From Ebenezer Davis
Portland [District of Maine] Feby 23d 1791
Will you permit me for one moment to request your notice of my desire to serve in the District of Maine as Inspector of the Militia should such an Officer be appointed. It will perhaps be in vain to attempt to make myself known to the President of the United States but I had the honor of serving under your Command during the whole of the Late War and more then once had the happiness of meeting with your approbation. In special by the notice you was pleased to take of my Conduct at Delaney’s Bridge in January 1781. soon after I was Detached with a Corps of Light Infantry Commanded by the Marquis De la Fayette into Virginia But I cannot flatter myself that such minutia can still occupy a place in your memory. I have but to say I served with pleasure till the army was disbanded and still love the profession of Arms. Permit me with Sincere affection and the greatest respect to Subscribe your most obedient & very humble Servant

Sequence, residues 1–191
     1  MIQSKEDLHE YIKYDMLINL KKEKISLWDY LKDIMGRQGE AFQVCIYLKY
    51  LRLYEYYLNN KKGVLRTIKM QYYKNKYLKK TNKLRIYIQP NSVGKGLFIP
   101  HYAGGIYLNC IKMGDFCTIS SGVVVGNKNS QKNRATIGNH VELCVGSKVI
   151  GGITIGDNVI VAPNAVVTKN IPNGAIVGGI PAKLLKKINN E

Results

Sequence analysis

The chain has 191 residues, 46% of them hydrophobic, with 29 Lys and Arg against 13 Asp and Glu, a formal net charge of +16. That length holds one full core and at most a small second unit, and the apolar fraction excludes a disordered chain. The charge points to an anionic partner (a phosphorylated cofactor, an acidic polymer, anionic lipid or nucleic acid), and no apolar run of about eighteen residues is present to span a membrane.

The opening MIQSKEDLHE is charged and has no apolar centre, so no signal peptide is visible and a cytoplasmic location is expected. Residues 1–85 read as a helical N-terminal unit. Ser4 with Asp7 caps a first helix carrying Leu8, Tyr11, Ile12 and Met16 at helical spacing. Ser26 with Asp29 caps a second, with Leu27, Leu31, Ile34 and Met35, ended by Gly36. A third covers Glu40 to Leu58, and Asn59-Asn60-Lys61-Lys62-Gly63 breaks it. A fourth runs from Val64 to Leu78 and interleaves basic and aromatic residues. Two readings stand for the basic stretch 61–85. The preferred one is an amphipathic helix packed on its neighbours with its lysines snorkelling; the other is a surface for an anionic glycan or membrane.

Ebenezer Davis (1754–1799) was born in New Hampshire and moved to Massachusetts as a child. He was among the minutemen who responded to the Lexington alarm in 1775 and thereafter served as an officer with Massachusetts troops in the Continental army, rising to the rank of lieutenant. After the war he settled in Portland, Maine, where he served as a militia officer.
For the background to this letter, see John Carlile to GW, 23 Dec. 1790.